Three Willies, Old Style
Canon 7D, 32mm, f/8, 1,3s, ISO 1000
Another shot from the 1930s session that I ran last year for the Dreamhounds of Paris book. This one did make it in the book (I think), but in a different format. Because Guillaume was wearing a top hat I thought this one would work as an old process emulation, more 1890s than 1930s. Oh, and sorry about the bad pun, since the model is called Guillaume (William in English), it was too tempting…
Canon 7D, 32mm, f/4, 1/5s, ISO 2000
Today’s shot requires a little more explanation than I normally give, but bear with me a moment and all will be made clear. About 18 months ago, I had a conversation with the good people at Pelgrane Press about a role-playing game supplement they were working on based in Surrealist Paris. I did a series of shoots with models costumed as the period dictated, but they weren’t surreal enough, so I started experimenting with collages and double exposures. The book, entitled Dreamhounds of Paris is being released next month, and some of my pictures are featured. I thought I would share some of my favourite, both those that weren’t used and some of those that were. This is one of the ones that didn’t make it.
Le Retour de Landru
Canon EOS 7D, 35mm, f/8, 1s, ISO 1000
Models: Aurélie & Guillaume
This week I’ll be posting photos from a couple of series I did recently with 1930s models. This first one is suitably creepy, the title refers to the infamous Landru, our French equivalent to Jack the Ripper (except he was caught and executed). The photo was shot with street lighting (hence the long exposure) with two great (and immobile) models. It was edited in Snapseed to accentuate the yellow night glare.
Bowler vs. Stovepipe
Canon 7D, 32mm, f/4, 1/4s, ISO 2000
Models: Guillaume & Achille
Another shot from that strange and (if I say so myself) wonderful session back in October. Street lighting forces some off compromises on you, especially regarding exposure lengths, but it does have its atmospheric results! This was processed in Snapseed to accentuate the strangeness a bit.
Canon 7D, 32mm, f/4, 1/4s, ISO 1000
This is another shot in my series of experimentations for the Dreamhounds of Paris book by Pelgrane Press. I tried to imagine how surrealist photographers might have experimented with form, and came up with this idea of using a negative as a positive and scratch the negative for added deconstruction. It was all done digitally of course (the processing is a mix of Lightroom and Snapseed). I quite like the result, though I suspect it’s not surreal enough to make it into the book.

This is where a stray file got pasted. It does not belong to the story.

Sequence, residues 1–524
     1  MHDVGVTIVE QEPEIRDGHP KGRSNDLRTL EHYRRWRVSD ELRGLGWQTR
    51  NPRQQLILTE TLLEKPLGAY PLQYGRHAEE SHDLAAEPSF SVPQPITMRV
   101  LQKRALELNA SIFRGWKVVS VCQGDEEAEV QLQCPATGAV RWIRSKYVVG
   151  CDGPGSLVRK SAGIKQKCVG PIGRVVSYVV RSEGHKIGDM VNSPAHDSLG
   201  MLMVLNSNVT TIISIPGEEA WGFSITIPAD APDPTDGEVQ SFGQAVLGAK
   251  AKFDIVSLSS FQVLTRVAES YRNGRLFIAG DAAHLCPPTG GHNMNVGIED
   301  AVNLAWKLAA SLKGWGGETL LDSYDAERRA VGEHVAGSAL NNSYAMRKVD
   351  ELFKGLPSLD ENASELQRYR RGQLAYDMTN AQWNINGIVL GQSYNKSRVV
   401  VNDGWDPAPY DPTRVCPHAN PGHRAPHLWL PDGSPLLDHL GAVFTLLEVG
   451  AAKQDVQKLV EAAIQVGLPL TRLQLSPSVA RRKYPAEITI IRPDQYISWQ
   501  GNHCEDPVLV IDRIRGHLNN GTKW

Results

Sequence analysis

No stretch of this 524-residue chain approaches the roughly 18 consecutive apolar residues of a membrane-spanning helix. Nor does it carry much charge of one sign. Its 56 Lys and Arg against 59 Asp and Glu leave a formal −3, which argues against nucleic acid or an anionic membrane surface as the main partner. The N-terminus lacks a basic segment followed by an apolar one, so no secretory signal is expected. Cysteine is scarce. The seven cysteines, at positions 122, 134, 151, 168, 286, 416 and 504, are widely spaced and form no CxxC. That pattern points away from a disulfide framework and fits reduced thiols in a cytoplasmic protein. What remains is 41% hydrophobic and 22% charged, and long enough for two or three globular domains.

Bowler Hat Army
Canon 7D, 32mm, f/4, 1/15s, ISO 400
Photoshop Composite / Model: Achille
Lately I’ve been working on some photos evocative of 1930s Paris with a surrealist edge for the upcoming book by Pelgrane Press »Bookhounds of Paris« . I will publish a few although I should stress that these are works in progress. For this one I was trying to put together two motifs of surrealist art: bowler hats (through Magritte, mostly) and repetition of characters (also Magritte, but others too). These were my first attempts at cloning in photoshop and I was quite pleased with the results. The three shadowy men remind me of Marc-Antoine Mathieu’s Julius Corentin Acquefacques for some reason. The photo was processed in photoshop and then Lightroom with XeL 2.0 emulations for the black & white.
Three Monkeys in Top Hats
Canon 7D, 32mm, f/8, 1.3s, ISO 1000
Model: Guillaume Levillain
The session which I finished by shooting series of 3 monkeys with the models (see Three Monkeys in the Thirties) was really one of the best photo shoots I ever did, both in terms of having fun shooting and in terms of the results that came out of it. This photo of Guillaume was tricky because the three shots superimposed each other quite a bit. It forced me to do some very careful work in Photoshop, but I got there in the end. The photo was processed in Snapseed.
Three Monkeys from the Thirties
Canon 7D, 32mm, f/8, 0.8s, ISO 1000
I’m currently working on a project on surrealist Paris (possibly more on that later) for which I recruited a bunch of really cool period-dressed models. At the end of the session, I decided to try to do with them something that I’ve been meaning to do with my kids for a long time: a three monkeys shot. As you may imagine this is a combination of careful photo work and careful photoshop work (although the latter turned out to be surprisingly easy). The picture was then processed in B&W in Lightroom using XeL 2.0.